Let’s take a classic example now to see why there are infinitely many elements between any two distinct fractions. Let’s ask the question: how many fractions are there between and 1 (Recall that whole numbers are fractions whose “bottom” number is just 1, i.e., )? Well, what we’re going to do is essentially just take the fraction “halfway” between and 1, and then the fraction halfway between that fraction and 1, and then the fraction halfway between that fraction and 1, and so on. We can do this infinitely many times without ever reaching 1, thus finding infinitely many fractions between and 1. Thus, is between and 1, is between and 1, is between and 1, is between and 1. We can keep doing this forever, thus uncovering infinitely many elements between and 1 in FRAC.
The point is that we can make this argument between any two fractions. All we do is step halfway from one to the other, then halfway again, then halfway again, and so on. Since each of these “halfway points” will be new fractions in their own right, we’ll uncover infinitely many fractions between any two distinct fractions.
Now here’s the rub. Suppose the enemy hands me two distinct fractions. From the above considerations, we know that we can find infinitely many fractions between these two fractions. But in fact, we can do better! For between any two of these fractions that we’ve now found, there is yet another infinity of fractions! In other words, every time we take a step halfway from one fraction to another, we can find another infinity of fractions between the two we just “stepped between”! Moreover, if we then dive into that infinity of fractions, we’ll keep uncovering new infinite sets of fractions.
Let us go back to our example to see just how infinite the set of fractions are. We know that there are infinitely many fractions between and 1. One of the fractions between them is But now we automatically know that there are infinitely many elements between and , because we can just do the same “half-way” argument. One fraction between and is . Again, we now know that there are infinitely many elements between and ! One such fraction is . Then BOOM! There’s another infinity of fractions between and ! In this way, infinities just keep “popping out” everywhere we turn. Namely, we just keep picking different fractions, no matter how close they are, and there will be infinitely many fractions between them. ALWAYS!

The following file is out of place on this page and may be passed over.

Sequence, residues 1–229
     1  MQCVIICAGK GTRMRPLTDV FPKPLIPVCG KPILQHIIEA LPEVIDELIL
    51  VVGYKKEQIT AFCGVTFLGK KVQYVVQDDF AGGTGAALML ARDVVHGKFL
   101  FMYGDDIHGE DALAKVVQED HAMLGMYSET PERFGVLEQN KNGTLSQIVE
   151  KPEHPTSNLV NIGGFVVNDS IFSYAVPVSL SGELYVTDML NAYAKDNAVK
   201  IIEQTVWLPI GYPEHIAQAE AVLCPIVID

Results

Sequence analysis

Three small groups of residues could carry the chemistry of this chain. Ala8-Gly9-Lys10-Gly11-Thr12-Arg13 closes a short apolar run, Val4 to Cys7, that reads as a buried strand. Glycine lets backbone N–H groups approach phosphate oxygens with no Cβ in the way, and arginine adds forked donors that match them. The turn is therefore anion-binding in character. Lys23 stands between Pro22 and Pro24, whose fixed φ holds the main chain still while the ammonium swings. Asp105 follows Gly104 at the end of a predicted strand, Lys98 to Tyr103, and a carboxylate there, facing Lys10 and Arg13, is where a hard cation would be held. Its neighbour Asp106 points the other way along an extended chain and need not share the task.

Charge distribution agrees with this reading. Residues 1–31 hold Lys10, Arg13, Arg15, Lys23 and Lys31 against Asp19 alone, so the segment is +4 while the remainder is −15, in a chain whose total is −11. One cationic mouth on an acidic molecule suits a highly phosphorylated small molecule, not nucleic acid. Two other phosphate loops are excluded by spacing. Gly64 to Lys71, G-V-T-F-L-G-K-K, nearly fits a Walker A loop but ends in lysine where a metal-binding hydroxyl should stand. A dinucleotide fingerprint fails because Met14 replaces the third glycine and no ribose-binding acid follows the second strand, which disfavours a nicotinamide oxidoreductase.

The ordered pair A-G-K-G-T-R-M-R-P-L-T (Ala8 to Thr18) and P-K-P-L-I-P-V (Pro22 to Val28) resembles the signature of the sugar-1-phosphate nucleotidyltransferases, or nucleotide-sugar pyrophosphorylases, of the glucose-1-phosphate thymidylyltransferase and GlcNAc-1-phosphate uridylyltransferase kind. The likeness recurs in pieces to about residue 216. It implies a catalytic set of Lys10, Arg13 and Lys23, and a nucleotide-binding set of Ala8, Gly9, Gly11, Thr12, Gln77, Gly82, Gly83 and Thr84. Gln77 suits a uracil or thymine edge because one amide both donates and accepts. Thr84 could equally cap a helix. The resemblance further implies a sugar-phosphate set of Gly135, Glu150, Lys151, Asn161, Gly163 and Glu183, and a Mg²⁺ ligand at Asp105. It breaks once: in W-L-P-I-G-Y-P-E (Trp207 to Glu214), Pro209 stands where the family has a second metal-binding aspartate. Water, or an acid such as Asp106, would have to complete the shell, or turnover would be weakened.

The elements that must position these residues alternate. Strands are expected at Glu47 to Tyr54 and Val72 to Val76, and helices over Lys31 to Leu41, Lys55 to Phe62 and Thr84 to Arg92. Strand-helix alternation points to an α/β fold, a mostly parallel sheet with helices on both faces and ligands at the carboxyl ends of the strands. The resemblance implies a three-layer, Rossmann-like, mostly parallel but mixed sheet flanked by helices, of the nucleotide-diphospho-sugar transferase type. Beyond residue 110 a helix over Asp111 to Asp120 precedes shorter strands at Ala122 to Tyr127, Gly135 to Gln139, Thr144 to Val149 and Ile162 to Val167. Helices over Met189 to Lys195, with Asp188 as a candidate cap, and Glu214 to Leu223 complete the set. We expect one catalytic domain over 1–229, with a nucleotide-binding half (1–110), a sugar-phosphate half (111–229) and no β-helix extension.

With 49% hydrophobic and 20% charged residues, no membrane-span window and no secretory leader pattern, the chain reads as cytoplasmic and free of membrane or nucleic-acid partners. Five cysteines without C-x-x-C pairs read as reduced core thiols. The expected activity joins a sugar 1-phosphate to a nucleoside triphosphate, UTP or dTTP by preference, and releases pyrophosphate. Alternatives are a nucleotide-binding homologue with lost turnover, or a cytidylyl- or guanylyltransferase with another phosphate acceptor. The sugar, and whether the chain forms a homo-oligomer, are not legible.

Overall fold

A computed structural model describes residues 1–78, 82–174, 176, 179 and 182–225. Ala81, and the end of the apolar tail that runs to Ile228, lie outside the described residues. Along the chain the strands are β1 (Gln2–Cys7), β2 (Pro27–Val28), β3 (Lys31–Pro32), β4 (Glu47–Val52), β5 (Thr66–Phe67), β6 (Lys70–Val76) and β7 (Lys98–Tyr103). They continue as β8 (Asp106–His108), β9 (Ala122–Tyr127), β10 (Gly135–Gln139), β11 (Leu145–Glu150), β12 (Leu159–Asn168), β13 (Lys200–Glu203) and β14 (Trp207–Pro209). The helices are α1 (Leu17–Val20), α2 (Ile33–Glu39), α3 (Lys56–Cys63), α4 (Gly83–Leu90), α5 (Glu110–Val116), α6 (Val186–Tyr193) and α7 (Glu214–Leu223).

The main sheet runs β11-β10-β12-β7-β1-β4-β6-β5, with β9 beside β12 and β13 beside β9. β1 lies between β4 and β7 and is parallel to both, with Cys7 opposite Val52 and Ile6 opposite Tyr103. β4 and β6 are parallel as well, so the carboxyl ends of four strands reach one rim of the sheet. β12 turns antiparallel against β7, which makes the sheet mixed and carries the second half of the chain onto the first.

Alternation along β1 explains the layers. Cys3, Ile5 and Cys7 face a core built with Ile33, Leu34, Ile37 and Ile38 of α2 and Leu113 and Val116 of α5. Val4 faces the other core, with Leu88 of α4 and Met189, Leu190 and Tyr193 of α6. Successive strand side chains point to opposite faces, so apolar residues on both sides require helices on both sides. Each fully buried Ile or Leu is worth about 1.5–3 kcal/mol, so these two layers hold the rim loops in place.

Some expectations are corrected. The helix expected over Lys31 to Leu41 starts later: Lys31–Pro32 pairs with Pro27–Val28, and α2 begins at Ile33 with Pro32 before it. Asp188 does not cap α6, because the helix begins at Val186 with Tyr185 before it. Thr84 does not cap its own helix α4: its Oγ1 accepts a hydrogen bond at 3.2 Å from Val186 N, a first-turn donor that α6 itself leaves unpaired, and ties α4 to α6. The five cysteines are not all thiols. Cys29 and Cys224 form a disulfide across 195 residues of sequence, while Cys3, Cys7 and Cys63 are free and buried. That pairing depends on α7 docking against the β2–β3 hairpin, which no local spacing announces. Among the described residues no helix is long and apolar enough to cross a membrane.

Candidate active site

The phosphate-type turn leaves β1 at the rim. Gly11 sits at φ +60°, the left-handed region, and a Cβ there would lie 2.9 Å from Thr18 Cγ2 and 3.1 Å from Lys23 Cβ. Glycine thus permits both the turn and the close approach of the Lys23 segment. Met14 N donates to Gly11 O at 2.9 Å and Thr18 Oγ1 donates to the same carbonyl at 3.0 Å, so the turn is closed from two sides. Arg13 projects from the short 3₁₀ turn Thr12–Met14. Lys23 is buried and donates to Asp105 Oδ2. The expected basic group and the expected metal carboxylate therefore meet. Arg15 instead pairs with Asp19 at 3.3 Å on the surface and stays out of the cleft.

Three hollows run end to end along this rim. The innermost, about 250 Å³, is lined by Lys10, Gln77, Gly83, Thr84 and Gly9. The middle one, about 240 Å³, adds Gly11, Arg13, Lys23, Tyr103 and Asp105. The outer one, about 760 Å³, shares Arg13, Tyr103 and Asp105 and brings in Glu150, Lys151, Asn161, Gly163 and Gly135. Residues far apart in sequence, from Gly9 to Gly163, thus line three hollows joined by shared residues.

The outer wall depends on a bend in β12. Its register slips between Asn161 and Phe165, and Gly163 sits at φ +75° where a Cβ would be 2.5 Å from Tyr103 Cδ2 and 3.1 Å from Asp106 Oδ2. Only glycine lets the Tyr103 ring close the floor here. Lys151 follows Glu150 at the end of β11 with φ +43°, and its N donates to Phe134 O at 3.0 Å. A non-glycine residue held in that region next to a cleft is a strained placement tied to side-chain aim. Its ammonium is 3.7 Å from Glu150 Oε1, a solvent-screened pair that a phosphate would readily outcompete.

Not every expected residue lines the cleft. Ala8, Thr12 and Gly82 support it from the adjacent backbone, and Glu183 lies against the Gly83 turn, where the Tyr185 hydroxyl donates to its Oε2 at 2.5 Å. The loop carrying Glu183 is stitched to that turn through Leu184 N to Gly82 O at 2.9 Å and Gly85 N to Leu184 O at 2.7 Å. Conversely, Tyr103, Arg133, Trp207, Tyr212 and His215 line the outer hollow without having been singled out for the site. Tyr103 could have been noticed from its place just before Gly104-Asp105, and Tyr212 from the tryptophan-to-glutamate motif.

This sort of infinity certainly has a different quality about it than the infinity type 1 of Namely, just kind of “goes in one direction”, whereas we can “zoom in” on the fractions infinitely far, in infinitely many places, infinitely many times! This is what I mean by “infinity times infinity”. Between any two of the infinitely many elements in FRAC, there are infinitely many elements, and between any two of those elements, there are infinitely many elements, and between any two of those elements, there are infinitely many elements, and on and on and on!
Believe it or not, we actually still can define a bijective function from to FRAC. To see that we can define an injective function is easy, since every whole number is itself a fraction. Thus we could define an injective function just by sending 1 to 1, and 2 to 2, and 3 to 3, and so on. But this function certainly isn’t surjective. In fact, it might seem pretty unlikely that we can “hit” all of the fractions just with , but we actually can! It will take some work, and this will be the subject of the next lesson. Don’t lose faith though, pretty soon we will see a whole new kind of infinity!